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How Bike Rentals Changed Urban Travel

Bike sharing has become a way of life for many Americans—a quintessentially Northern European trend that took hold of our hearts and wallets in recent years, and that grows each time someone moves to a city and opts for a two-wheel commute. Trendy and sustainable, bike sharing is now a major presence in every major U.S. city.

But how did we get here? Let’s look back.

The Birth

A short decade ago, around the time the global warming debate was heating up, the U.S. was lagging behind the rest of the world in terms of bike travel. Following their debut in the U.K., public bikes started cropping up in cities across the globe, but not in the U.S. The vast majority of Americans were driving or taking fuel-powered public transit to work.

Fast forward to now, a time when almost one million Americans say they rely on a bike to get to work every day (up 60 percent from the previous decade), and more than 70 American cities offer public bikes. Traveling cyclists haven’t had to worry about finding a bike abroad for years, as hundreds of cities across the pond and beyond will set you up with a rental. The same is now true about traveling within the U.S. Between citywide programs and hotel-owned loaner bicycle programs, bike sharing has become the norm.

The Rise


Most of the growth in American bike sharing happened between 2008 and 2012, but public officials were considering the change as far back as 2004. The United Kingdom began implementing public bike sharing in 1996.


Just 11 “Smart Bike” programs existed across the globe in 2004, according to a report by MetroBike President Paul Demaio, who at the time pointed to Austria, France, Germany, the Netherlands, Norway, Singapore, and the United Kingdom as the pioneers. Demaio, the Principal of the now massive North American LLC, named the pros and necessary strengths of bike sharing that he believed would be necessary to launch public bike renting here—including low cost, high demand, and a strong focus on environmental sustainability. All three proved true in the years to come.

This was good news for bike commuters who were also travelers, since it’s awfully hard to bring your bike on a trip across the United States unless you’re driving or willing to pay a pretty penny to check it at the airport. Before city bike shares, rental programs for bikes mostly existed on a tour or sports activity basis—mountain biking rentals for adventure tourism or access to a bike with a guided tour. Now, however, hundreds of thousands of commuters and tourists rely on rental bikes to get around every day.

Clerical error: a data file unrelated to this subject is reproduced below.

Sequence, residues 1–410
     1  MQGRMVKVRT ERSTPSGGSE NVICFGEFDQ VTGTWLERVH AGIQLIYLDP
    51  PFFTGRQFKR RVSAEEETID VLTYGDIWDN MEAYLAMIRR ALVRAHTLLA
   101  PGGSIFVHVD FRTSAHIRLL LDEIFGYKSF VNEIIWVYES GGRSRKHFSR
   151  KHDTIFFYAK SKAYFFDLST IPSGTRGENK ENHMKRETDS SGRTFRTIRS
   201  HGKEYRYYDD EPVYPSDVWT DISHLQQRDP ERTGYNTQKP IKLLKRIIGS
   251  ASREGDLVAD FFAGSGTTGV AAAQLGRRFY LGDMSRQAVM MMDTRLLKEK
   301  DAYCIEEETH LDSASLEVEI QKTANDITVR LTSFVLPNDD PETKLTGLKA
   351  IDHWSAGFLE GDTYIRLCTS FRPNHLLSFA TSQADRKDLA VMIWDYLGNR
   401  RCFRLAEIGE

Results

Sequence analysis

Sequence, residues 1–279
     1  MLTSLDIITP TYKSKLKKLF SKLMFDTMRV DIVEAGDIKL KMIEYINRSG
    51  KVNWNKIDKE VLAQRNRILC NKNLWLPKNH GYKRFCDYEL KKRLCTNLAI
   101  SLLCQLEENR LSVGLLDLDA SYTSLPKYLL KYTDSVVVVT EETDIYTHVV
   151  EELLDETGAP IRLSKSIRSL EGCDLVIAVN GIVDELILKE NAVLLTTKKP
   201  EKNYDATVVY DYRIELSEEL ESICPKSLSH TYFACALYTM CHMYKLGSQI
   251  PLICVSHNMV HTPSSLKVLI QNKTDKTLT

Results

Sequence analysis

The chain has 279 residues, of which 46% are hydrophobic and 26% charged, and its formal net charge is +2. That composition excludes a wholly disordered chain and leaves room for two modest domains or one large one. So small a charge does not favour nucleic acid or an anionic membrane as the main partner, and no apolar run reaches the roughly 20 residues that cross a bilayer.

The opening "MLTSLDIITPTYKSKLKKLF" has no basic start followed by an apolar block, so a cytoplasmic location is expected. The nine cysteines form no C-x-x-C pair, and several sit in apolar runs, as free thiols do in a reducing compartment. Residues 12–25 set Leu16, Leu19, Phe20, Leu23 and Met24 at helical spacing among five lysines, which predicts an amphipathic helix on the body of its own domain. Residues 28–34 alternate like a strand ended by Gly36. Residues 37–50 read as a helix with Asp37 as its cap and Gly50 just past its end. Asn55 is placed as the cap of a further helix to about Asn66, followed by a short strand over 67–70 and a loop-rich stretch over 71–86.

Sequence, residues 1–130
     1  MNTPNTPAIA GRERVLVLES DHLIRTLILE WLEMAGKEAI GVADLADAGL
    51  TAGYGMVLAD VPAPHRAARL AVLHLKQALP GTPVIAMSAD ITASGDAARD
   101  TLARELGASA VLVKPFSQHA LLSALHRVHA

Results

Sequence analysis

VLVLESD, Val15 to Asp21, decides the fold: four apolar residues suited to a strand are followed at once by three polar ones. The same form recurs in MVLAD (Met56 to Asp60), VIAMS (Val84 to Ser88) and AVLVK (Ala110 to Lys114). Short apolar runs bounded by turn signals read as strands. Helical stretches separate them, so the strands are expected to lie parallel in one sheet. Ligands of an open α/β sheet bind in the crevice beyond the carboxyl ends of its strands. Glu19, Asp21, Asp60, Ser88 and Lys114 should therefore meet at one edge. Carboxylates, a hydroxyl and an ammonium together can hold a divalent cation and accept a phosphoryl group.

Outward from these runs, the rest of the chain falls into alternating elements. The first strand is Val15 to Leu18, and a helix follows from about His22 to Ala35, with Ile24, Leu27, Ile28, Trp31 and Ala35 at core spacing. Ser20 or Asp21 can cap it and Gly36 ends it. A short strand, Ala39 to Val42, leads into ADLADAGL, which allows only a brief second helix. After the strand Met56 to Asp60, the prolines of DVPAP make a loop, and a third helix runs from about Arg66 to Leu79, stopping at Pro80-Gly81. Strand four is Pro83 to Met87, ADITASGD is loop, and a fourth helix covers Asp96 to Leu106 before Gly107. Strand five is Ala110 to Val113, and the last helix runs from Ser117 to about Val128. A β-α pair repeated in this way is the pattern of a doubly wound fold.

Business Boom and Money Shortfalls


Bike shares have given birth to a plethora of startups and tech companies working to extend the rebirth of bicycles. Websites and apps like Spinlister connect people in need of a bike with shops and local individuals willing to lend a bike. Tech companies like Zagster link areas or institutions in need of bike share programs—universities, businesses, apartment complexes—with resources like equipment, sponsorships, insurance, and live ridership technology.

Like most things, bike renting became infinitely more complicated after the boom. With popularity comes a higher need for maintenance, safety standards, and money. As cities paved more bike lines and launched bike safety programs, the non-profits running the bike shares struggled to keep up with costs.

This year, the PEW Charitable Trusts found the success of bike rental programs hasn’t necessarily led to profitabilty, and the non-profits or city agencies that run such programs often require both private donations and government subsidies to survive. For example, PEW says that when it comes to Chicago’s popular public bikes, “the revenue from riders only covers about 85 percent of the costs of the program—and that’s one of the highest rates in the nation.” Even bigger cities like Washington, D.C., are able to cover less of their programs with the rates their users pay—the nation’s capital only makes 77 percent of what it needs to run the program.
The World’s Most Beautiful Bike Trails

No End in Sight

And yet, these programs are unlikely to go away—at least not soon.

Tax money and corporate sponsors are making sure they survive as the demand holds strong. Why? Because bikes make sense for the future, especially in cities that are growing upward despite scarce parking, and in low-income areas where most people don’t have cars but still need to get to work and school. Bikes are good for the country, but it seems we can’t afford them on our own.

Citigroup funded New York City’s massive bike share system with a pledge of $41 million over a five-year period. The city of Seattle recently bought its bike program for $4 million from the cash-strapped non-profit that initiated it. Birmingham, Alabama, received $1.6 million in federal grants plus $2.2 million from private entities last year to create a five-year bike program.

The business of bikes isn’t as cheap as it once seemed, but local governments and companies taking the opportunity to brand public spaces are making sure it survives.

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Shannon McMahon writes about all things travel. Follow her adventures on Instagram @shanmcmahon.

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